Limit Unnecessary Vehicle Use

Our cars and trucks are practical, but their convenience has meant we’re relying on them when they aren’t always necessary. With fossil fuels one of the leading causes of climate change, it can be worth changing your habits to help the environment.

You can start small by swapping at least one car trip in your day with an alternative form of transport like public transport or a bicycle. Carpooling, walking, biking, or skateboarding to work may also be something you consider to limit your carbon footprint.

If you need to drive to a store to purchase something, see if you can wait until you need multiple items so that you can make fewer trips and burn less fuel. A significant change you might also like to make is purchasing an electric vehicle that utilizes sustainable energy to transport you.

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Purchase Eco-Friendly Products

Small changes can have a huge impact, so never underestimate the value of making one minor alteration that benefits the environment. Swapping your skincare and haircare products in plastic bottles for similar products in bar form could save hundreds of plastic bottles from ending up in landfills over your lifetime.

Even something as simple as using floss made of biodegradable materials and beeswax wraps instead of plastic for your sandwiches may have more of an impact than you might think.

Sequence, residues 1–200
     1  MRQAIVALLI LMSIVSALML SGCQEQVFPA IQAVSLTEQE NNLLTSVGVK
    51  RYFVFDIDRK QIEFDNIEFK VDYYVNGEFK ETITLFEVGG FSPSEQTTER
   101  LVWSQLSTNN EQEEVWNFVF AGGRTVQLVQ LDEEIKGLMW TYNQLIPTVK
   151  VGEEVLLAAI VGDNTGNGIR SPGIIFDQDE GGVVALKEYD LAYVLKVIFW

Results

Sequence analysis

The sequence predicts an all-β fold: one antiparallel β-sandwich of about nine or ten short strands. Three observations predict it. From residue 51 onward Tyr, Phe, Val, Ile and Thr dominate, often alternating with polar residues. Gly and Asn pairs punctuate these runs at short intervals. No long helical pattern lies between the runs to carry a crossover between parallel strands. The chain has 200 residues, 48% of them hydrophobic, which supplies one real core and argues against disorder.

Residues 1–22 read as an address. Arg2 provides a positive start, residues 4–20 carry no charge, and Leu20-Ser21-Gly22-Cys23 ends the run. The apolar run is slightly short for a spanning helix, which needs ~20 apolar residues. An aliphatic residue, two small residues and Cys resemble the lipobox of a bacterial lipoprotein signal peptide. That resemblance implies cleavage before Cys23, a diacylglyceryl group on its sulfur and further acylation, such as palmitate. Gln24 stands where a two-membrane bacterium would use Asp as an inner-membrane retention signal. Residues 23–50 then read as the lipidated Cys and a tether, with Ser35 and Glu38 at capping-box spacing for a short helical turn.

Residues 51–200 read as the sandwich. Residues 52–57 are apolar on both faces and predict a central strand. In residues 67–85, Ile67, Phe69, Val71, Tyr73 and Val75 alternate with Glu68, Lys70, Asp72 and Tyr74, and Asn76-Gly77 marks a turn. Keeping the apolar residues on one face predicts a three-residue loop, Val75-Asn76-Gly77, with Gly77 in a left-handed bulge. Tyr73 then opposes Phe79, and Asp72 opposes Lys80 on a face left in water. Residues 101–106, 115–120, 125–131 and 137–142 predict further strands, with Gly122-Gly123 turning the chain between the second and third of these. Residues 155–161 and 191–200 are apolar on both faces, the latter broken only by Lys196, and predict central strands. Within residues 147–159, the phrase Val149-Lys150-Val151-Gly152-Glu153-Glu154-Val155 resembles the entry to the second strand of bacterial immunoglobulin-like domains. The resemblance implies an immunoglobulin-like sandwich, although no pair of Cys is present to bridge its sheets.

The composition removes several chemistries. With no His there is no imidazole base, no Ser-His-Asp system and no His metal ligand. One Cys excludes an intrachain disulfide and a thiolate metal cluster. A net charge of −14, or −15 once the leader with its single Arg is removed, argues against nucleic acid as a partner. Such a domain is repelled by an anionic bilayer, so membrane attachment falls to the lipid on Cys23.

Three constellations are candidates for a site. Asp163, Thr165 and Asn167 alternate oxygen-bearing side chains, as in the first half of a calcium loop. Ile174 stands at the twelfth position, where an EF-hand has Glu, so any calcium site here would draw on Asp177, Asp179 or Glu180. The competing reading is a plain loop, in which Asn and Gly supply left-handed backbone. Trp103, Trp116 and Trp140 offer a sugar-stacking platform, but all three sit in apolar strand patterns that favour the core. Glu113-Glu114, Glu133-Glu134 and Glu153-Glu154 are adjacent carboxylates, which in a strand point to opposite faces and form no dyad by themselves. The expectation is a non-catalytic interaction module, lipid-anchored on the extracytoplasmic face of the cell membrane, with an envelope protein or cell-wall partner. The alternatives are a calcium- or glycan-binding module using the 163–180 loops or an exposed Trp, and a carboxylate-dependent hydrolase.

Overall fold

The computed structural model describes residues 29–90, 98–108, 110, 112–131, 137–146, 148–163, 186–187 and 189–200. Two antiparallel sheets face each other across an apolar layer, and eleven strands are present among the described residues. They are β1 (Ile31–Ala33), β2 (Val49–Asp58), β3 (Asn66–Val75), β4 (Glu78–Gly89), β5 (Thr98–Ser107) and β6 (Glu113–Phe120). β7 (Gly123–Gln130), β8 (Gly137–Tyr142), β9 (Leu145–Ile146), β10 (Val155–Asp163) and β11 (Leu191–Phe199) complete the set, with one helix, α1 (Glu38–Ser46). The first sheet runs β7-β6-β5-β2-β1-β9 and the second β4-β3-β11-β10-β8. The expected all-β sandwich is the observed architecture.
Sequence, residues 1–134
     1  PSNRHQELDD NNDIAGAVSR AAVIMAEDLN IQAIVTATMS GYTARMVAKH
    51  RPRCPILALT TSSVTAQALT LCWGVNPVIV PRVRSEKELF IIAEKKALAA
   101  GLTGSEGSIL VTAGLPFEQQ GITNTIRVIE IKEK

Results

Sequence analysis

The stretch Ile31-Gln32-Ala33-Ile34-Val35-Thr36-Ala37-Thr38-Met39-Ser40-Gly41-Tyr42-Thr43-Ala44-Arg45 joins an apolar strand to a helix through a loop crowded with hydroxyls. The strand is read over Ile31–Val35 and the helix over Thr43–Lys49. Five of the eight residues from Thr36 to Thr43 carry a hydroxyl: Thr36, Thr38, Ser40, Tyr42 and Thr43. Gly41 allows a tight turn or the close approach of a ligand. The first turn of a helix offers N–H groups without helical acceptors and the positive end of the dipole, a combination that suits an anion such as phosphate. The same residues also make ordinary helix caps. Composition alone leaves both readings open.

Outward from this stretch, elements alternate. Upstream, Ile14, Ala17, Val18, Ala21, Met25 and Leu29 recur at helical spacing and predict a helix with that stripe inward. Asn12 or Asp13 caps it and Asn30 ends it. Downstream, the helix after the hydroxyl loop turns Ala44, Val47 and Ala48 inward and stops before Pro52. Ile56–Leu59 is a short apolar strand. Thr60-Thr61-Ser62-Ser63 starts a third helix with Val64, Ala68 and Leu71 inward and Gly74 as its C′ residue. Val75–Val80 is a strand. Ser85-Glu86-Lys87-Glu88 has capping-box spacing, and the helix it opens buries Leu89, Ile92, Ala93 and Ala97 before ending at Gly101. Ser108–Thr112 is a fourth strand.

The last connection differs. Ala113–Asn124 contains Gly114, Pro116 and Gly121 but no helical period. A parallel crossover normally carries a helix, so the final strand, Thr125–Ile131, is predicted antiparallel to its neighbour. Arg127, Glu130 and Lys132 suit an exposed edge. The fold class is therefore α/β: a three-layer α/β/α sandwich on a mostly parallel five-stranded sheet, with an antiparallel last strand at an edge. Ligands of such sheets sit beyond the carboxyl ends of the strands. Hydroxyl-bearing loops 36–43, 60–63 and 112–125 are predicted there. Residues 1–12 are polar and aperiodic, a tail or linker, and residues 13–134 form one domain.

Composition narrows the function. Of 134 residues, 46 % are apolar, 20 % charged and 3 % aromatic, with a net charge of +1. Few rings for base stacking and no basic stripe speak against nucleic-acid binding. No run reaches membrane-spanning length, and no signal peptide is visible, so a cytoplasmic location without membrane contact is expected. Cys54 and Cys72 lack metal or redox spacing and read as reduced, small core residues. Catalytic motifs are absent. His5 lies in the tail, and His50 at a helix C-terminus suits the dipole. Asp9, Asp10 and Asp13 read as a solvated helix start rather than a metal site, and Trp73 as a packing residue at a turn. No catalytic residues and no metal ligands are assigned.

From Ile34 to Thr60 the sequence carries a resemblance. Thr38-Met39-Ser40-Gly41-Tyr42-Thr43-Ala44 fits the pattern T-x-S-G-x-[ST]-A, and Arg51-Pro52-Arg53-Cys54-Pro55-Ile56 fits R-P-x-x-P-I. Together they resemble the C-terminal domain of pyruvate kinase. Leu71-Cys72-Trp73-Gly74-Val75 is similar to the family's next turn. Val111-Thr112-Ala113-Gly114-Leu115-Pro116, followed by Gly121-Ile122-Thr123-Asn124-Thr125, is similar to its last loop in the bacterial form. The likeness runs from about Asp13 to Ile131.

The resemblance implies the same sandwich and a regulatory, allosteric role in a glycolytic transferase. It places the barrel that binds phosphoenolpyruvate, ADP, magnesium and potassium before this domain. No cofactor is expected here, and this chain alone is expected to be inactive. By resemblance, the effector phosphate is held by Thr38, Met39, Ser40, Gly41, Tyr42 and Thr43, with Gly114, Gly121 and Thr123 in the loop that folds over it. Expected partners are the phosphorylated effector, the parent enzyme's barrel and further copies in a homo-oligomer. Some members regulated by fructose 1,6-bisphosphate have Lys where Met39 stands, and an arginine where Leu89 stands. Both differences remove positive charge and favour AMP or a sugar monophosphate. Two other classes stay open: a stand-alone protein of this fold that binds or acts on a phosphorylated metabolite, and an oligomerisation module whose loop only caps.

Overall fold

Use Metal and Glass

Alongside having metal parts made for possessions you believe can’t be repaired, you can also make a point of purchasing as many metal and glass items as possible, rather than their more environmentally damaging plastic counterparts.

Opt for metal and glass water bottles rather than plastic ones, and even consider transitioning from plastic to longer-lasting materials with other items you own, such as lunchboxes and pantry food packaging.

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Start Composting

You might think that throwing food waste in your trash can isn’t a large problem. However, when food is buried under layers of waste without any oxygen or light, it can’t break down as effectively as it would in a natural environment.

Organic materials thrown into engineered landfills without access to oxygen can also produce methane gas, which is bad for the environment. If you have space to do so, start composting.

You can purchase these as pre-made bins or create your own. Alongside food scraps, you can also fill these bins with natural materials like lawn clippings, leaves, shredded newspaper, and even coffee grounds. These materials break down with your food waste and can be turned into a nutrient-rich matter for your gardens.

Not only does the act of composting allow your gardens to thrive, but it also reduces how much waste you send to landfills. When combined with other waste-saving measures like reducing single-plastic use and purchasing eco-friendly products, you can produce significantly less waste each day than people who don’t adopt the same measures.

Leading a less wasteful lifestyle doesn’t happen overnight, and it can be daunting to get started. However, with a tiny change each day, such as making a new part for an appliance and opting out of single-use packaging, you can be on your way to reducing waste and helping the environment.